When we grow older we start seeing correlations between things.

For instance, I never realized the full extent of which weather has an impact on how we feel.

Of course, the simple term 'seasonal allergies' hints at the relationship between weather and our health.

Another example is that some say our sinus problems really kick in when low-pressure fronts arrive.

There's some kind of correlation between barometric pressure and sinuses.

Lately people have been complaining of flu, infections, bronchitis, colds and respiratory illness.

I'm part of the group. I didn't catch the flu, but sinus headaches have been particularly annoying.

I realize there's no use complaining because everyone else has been just as sick or sicker.

And in my case, I think the weather was the culprit. Or maybe it was the darn meteors. I was beginning to think I'd been hit on the head by one of those flying rocks.

As you already know, this was a bad week for asteroids and meteors. One whizzed past us Friday.

Another skipped over to Russia where it exploded and broke windows.

Space rocks have been hopping across the atmosphere in one big, strange trajectory. Like skipping stones across a pond.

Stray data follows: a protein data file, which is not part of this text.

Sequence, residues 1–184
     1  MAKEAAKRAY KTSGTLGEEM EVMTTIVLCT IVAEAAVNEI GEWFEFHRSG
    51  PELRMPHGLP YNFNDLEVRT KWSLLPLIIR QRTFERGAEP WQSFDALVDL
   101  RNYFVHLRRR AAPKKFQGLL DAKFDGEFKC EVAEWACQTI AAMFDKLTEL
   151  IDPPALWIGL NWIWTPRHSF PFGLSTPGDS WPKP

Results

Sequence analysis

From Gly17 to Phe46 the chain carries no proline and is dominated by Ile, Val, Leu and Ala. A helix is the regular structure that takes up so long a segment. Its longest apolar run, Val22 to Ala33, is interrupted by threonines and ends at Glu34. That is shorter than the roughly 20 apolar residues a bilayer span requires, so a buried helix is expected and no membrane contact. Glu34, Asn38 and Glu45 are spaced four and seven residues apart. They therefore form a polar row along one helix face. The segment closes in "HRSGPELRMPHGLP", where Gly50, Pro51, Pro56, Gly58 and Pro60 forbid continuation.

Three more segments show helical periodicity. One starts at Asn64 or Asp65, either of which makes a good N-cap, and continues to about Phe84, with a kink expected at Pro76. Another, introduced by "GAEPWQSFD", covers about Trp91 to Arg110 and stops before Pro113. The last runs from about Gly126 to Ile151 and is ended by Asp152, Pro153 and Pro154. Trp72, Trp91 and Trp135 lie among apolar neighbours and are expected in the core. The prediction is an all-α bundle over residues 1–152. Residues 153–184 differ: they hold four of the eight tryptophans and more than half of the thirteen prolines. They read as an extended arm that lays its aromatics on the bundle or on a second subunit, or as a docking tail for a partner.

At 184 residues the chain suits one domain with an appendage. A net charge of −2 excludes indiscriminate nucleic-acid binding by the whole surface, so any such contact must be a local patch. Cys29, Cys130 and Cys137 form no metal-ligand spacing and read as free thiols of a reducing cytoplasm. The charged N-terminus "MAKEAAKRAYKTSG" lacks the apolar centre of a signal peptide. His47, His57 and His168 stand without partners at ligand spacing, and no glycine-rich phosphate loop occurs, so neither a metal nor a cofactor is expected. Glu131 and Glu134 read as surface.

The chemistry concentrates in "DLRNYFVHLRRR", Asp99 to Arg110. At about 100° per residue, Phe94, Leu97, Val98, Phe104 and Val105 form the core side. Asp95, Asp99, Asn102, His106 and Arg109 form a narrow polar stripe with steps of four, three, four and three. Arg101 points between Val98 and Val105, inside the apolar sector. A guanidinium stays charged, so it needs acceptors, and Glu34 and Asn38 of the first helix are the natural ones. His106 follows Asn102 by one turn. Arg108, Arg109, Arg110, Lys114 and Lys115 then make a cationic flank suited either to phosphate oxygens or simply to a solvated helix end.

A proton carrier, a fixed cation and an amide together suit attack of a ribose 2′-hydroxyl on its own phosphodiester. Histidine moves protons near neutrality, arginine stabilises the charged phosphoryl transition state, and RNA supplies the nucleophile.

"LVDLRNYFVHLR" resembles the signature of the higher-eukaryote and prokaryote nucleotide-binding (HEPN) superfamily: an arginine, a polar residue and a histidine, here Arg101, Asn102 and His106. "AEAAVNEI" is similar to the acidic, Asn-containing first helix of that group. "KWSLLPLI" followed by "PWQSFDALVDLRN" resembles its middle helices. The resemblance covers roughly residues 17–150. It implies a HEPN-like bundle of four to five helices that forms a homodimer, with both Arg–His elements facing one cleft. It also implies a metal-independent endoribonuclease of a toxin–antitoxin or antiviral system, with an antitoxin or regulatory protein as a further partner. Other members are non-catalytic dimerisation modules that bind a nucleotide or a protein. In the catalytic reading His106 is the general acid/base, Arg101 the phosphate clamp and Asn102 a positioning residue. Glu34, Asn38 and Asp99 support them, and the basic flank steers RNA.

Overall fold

So I'm figuring that a piece of one of the asteroids hit me on the head and gave me a whopper of a headache.

Or more likely, maybe the flying rocks did something to the atmosphere and my sinuses were affected by it. I do know that my headache was a doozie and it came on the same day as rocks from outer space.

So maybe there's a lesson to be learned. Nothing ruins your week more than an errant asteroid. It can give you a headache and a day when everything goes wrong. Thank goodness asteroids don't boomerang. Or do they?

Maybe the weirdest part of it all is that the weathermen tried to tell us there was no connection between the asteroid and the meteors falling on the same day.

But I don't believe it. That's like saying there's no connection between an erupting volcano and the magma below the earth's crust. I'm always ready for a good conspiracy theory from outer space and have learned to be suspicous about things.

Here's the take-away lesson: If headaches should happen to you during the next meteor storm or asteroid event, don't bother going to your local pharmacy to ask for a treatment.

I already did that. jokingly. There's no over-the-counter medicine available for meteor headaches.

The pharmacist said I'm the first person to ask. She looked at me as if I were from Mars. Then she disappeared behind the counter. She vanished faster than an asteroid.

I concluded that a meteor headache rightfully should be called in to NASA.

But doing so won't help. NASA would probably refer me to ObamaCare, a health plan that doesn't cover meteor sickness.

Those of us who suffer from meteor headaches are getting a run-around.

In the end, I figured I need to get away. Time for a vacation. Peace and quiet, and a few days without hassles.

So I'm thinking of booking a Carnival Cruise. What could possibly go wrong there?